Demographic variation and population viability in a threatened Himalayan medicinal and aromatic herb Nardostachys grandiflora: matrix modelling of harvesting effects in two contrasting habitats.

Published online
26 Mar 2008
Content type
Journal article
Journal title
Journal of Applied Ecology

Ghimire, S. K. & Gimenez, O. & Pradel, R. & McKey, D. & Aumeeruddy-Thomas, Y.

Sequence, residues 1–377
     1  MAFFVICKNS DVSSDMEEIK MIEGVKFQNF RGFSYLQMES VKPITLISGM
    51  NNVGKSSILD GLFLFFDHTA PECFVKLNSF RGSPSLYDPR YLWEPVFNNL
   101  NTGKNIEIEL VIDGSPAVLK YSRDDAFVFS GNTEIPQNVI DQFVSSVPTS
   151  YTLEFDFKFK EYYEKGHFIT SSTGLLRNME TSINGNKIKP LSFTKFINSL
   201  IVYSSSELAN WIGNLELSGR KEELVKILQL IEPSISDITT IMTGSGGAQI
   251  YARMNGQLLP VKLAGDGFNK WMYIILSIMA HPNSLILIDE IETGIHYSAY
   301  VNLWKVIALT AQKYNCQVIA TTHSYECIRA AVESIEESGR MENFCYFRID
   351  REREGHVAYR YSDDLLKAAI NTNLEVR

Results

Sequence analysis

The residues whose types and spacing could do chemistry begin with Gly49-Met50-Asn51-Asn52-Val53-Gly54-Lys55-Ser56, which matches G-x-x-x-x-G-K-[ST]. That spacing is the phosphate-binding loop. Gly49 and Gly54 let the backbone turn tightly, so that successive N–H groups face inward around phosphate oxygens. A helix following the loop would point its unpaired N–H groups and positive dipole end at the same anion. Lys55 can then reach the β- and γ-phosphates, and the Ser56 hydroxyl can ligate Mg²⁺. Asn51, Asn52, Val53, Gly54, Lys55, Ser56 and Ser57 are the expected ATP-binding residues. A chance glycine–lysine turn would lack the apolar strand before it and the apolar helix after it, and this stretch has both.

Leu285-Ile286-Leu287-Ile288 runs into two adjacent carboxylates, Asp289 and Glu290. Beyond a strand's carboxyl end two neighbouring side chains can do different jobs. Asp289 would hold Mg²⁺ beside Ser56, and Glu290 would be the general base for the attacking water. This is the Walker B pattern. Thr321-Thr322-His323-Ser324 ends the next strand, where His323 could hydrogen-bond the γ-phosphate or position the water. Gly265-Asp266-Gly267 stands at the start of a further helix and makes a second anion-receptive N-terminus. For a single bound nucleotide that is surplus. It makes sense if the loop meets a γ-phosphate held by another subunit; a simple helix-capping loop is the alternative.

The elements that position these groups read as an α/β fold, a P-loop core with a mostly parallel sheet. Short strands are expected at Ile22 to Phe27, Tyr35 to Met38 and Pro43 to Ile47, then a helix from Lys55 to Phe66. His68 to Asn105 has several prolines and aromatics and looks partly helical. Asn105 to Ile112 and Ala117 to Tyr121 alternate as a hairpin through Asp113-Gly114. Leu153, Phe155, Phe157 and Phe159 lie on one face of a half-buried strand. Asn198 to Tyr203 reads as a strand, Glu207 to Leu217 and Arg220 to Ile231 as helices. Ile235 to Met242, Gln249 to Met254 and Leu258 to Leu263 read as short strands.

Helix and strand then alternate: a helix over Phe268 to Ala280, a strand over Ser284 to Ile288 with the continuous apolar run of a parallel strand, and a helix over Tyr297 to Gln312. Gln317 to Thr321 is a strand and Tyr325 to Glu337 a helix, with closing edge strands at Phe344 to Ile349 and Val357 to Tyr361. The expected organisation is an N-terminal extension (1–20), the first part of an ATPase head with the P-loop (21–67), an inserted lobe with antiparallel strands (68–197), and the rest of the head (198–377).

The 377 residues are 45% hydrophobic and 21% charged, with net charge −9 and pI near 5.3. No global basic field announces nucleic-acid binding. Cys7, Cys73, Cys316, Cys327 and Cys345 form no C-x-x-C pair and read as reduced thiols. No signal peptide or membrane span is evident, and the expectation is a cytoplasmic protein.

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Despite significant interest in the sustainable use of medicinal plants, the population ecology of many medicinal plant species remains unstudied. Also, few demographic studies have compared effects of harvesting across habitats. We studied the demography of a highly threatened perennial Himalayan medicinal herb, Nardostachys grandiflora, in two habitats and examined effects of indigenous harvesting regimes on its population dynamics. In a rocky-outcrop population in 1998, different levels of rhizome harvesting were applied directly by the local users. In meadows, we sampled an unharvested population and another population that was commercially harvested. Data on recruitment, growth and survival of individuals classified by size were gathered over 4 years. Population growth rate (λ) was significantly higher in the unharvested meadow population than in control subplots of the outcrop population. Harvesting significantly reduced λ. Matrix model projections revealed that the size of outcrop populations would return to initial values within ∼5 years, only after 10% rhizome harvesting. In other treatments, recovery time varied from 17 (25% harvesting) to 33 (75%) years. In contrast, in the commercially harvested meadow population (with harvesting levels >25%), projected recovery time was 6 years. Higher growth rates and faster recovery in meadow populations appear to be due to higher recruitment and faster vegetative growth. In outcrops, slow growth and low fecundity slow down recovery after harvesting. Synthesis and application. Nardostachys grandiflora is extremely sensitive to harvesting of rhizomes, but this sensitivity is higher in outcrop than in meadow habitats. Given the constraints on its population growth and its high sensitivity to harvesting, N. grandiflora should be strictly managed, with low harvest rates (<10% in outcrop and <25% in meadow) and fairly long rotations (at least 5 years) between successive harvests. This work shows the importance of considering demographic variation across habitats when formulating specific management plans for threatened medicinal plants. It also demonstrates the importance of integrating local harvesting practices in ecological research for informing management. A large proportion of high-altitude perennial medicinal plants may be expected to be similarly sensitive to exploitation, requiring careful management to achieve sustainable harvesting.

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